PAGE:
82 While the other constituent members of AHC may be unhappy to have CMAW as a member of AHC, both the context of the building trades sector as well as the fact that employees have voted to have CMAW replace BCPC as a means of dealing with challenges facing the sector must be recognized: see paras. 72-77 above. In these circumstances, we are not persuaded that the differences of opinion and approach between CMAW and other members of AHC are valid reasons to bar CMAW from replacing BCPC in the AHC. Constituent members of a poly-party union are not required to like one another or to agree with one another’s views on all topics; they are required to work together in a way which is ultimately not self-defeating but rather is for the greater good – that is for the good of the employees which they collectively represent.

83 In the circumstances of this case, we are not persuaded to deny CMAW and BCPC’s application. The application reflects the wishes of employees who voted to have CMAW represent BCPC as their bargaining agent in order to deal with the challenges in the construction industry. In order not to unduly restrict the option CMAW
- 18 - BCLRB No. B235/2007
represents, we grant the application to have CMAW replace BCPC in the AHC Certification.

Thursday, October 25, 2007

Trick or Treat

Vote Yes for Canadian Autonomy - your ballot must be at the Post Office by 9 AM Monday Oct. 29

and then print out a McCarron Halloween Mask - just print it and punch out his lights

or print out an even scarier one. BOO

Wednesday, October 24, 2007

The Big Nine a taxing subject

read full article: National Post
Everything they need to know is in the Hamilton story of how one union, the United Brotherhood of Carpenters and Joiners of America Local 18, is set to make a mess of Hamilton.

For decades, up until 2005, the City of Hamilton employed a few carpenters who were members of Local 18. In September, 2005, four such union members were on the city payroll. On Sept. 12, the union -- launching a new expansion strategy --held a "certification vote" among the four carpenters on whether to certify the union as the bargaining agent for all construction carpentry work performed by or for the city.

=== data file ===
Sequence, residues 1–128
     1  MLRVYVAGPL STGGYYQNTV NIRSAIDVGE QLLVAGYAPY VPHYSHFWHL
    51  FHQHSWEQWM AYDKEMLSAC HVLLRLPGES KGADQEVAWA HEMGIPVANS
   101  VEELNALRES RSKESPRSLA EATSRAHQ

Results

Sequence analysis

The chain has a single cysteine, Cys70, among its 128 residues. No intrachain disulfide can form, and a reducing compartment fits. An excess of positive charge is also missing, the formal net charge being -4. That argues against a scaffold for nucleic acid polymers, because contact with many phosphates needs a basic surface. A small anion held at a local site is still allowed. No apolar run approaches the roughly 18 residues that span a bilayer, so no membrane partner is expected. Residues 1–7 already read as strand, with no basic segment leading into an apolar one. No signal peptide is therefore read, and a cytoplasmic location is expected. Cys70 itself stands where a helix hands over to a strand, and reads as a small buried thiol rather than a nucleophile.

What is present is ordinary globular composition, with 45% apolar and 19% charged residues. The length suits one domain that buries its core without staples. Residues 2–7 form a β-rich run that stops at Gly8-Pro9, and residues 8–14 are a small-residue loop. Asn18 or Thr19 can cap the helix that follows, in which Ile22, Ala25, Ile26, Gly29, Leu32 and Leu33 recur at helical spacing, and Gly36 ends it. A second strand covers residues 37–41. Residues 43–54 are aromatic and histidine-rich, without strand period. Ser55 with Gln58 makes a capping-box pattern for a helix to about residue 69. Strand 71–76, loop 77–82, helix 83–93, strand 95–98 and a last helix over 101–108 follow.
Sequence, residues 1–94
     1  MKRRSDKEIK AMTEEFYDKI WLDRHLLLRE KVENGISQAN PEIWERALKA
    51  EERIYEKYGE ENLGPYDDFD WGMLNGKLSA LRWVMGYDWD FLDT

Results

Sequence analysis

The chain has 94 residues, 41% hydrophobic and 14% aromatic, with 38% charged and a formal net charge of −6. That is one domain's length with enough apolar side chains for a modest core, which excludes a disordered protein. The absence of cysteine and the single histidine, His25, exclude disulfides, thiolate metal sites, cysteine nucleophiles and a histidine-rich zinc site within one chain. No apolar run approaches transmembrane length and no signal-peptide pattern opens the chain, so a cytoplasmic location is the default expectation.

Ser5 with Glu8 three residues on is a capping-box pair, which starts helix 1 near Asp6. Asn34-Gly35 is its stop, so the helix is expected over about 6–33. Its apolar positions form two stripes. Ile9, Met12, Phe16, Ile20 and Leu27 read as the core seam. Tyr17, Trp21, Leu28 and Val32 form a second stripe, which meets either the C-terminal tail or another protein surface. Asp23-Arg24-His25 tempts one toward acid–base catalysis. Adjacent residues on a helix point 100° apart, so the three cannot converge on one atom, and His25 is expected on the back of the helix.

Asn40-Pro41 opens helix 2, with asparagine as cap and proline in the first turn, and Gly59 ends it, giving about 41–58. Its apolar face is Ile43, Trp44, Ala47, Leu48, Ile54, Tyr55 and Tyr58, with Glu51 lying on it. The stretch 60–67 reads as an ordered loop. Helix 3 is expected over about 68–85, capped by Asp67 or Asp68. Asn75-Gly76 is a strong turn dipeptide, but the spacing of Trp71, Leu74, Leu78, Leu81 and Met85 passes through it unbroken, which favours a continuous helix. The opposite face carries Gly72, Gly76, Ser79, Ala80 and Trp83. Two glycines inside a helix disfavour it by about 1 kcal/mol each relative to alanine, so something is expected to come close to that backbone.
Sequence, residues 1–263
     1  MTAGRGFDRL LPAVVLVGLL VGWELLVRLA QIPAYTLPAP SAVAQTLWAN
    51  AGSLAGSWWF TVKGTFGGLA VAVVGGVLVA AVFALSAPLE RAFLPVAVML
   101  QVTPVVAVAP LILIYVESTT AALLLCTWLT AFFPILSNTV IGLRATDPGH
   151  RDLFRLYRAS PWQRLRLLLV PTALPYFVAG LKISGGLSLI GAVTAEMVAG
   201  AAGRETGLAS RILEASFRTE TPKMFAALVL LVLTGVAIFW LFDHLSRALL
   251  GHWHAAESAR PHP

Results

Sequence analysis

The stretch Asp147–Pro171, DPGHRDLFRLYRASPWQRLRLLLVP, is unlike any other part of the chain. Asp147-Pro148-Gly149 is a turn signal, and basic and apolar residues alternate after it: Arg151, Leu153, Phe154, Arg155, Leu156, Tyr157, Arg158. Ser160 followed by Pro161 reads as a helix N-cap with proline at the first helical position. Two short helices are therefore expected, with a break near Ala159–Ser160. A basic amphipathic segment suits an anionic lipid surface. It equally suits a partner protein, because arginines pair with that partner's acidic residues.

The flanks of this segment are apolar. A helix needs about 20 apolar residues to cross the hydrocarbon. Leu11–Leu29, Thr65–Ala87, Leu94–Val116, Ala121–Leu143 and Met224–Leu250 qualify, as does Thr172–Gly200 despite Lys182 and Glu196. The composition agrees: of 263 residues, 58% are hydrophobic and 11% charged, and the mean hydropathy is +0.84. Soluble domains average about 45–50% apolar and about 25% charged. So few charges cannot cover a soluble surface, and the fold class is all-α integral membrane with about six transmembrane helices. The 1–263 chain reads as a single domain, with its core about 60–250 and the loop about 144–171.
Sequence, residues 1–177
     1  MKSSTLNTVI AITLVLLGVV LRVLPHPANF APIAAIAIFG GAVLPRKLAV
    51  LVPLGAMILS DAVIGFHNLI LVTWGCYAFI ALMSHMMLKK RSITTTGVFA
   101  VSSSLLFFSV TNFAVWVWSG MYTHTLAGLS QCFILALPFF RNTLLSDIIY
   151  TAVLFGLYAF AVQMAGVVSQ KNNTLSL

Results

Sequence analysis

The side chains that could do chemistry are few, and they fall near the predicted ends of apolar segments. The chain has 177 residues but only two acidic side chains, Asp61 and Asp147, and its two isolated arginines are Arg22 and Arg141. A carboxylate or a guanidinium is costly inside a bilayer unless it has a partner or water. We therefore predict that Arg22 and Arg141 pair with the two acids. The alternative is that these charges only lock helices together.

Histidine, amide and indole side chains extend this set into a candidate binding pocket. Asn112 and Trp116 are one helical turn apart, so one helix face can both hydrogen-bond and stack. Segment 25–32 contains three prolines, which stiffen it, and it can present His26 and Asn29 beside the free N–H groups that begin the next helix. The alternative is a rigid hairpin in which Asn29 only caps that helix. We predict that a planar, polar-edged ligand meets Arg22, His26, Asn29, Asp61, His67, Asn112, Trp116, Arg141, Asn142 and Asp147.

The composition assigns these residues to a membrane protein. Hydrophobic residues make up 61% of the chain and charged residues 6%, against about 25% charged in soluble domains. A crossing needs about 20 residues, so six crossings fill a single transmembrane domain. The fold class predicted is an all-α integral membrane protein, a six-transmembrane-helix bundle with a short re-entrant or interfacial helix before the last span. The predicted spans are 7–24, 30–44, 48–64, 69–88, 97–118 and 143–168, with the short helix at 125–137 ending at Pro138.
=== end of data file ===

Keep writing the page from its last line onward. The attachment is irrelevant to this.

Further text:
Two of the four workers voted in favour of certification. Under Ontario labour law, those two votes were enough to lock in the United Brotherhood of Carpenters and Joiners of America (UBCJA) as the exclusive union for all city work.

Sunday, October 21, 2007

'Made in the U.S.A.' wood showing up in Canada

read article: Vancouver Sun
Canadian building products wholesaler Taiga Forest Products normally exports to the U.S., but is currently shipping nothing because of the imploding U.S. housing market, said lumber sales manager Bob Leffler.

The much smaller Metro Vancouver market, which is still robust, is suddenly appearing more attractive to U.S. sawmillers.

"We are able to bring in product from Washington state cheaper than we can from other [domestic] areas," Leffler said. "The whole thing has turned around. It's really ugly," he said, referring to the North American lumber market.

Both lumber and plywood products are showing up in Canada with a "Made in the U.S.A." label.

U.S. plywood doesn't meet Canadian standards, so it is not competing head-to-head with Canadian product. But in turning to the smaller Canadian market, U.S. producers are probably "looking for that last rock to turn over to get through these very tough times," said Jim Baskerville, regional plywood manager at Interior forest company Tolko Industries Ltd.

Thursday, October 18, 2007

CMAW Convention 2007

Jan Noster re-elected President

new officers sworn in

Sunday, October 07, 2007

CMAW Fall Newsletter Online

CMAW Fall Newsletter now online - download the PDF

Vote “YES” for Canadian autonomy!

Monday, October 01, 2007

Unions challenge labour laws

article: Edmonton Journal
Last month, carpenters were prohibited from going on strike because a sufficient number of other construction unions reached settlements with their employers. Under the Labour Relations Code, if agreements are reached with 75 per cent of the bargaining units in the construction industry, the remaining unions are forced into binding arbitration.

According to court documents, of the 1,817 ballots cast by carpenters in the strike vote, 1,543 favoured a strike, 64 voted against striking and 210 ballots were in dispute.
The union's lawsuit seeks to strike down the 75-per-cent threshold provision and other impediments to collective bargaining and striking.

"It goes to the issue of freedom of association and to bargain collectively and strike independently," said Piper. "Those rights have been taken away."

In June, the Supreme Court ruled that the Gordon Campbell government in B.C. had breached workers' rights as guaranteed by the charter when it invalidated a collective agreement that had been signed with hospital workers by the previous administration.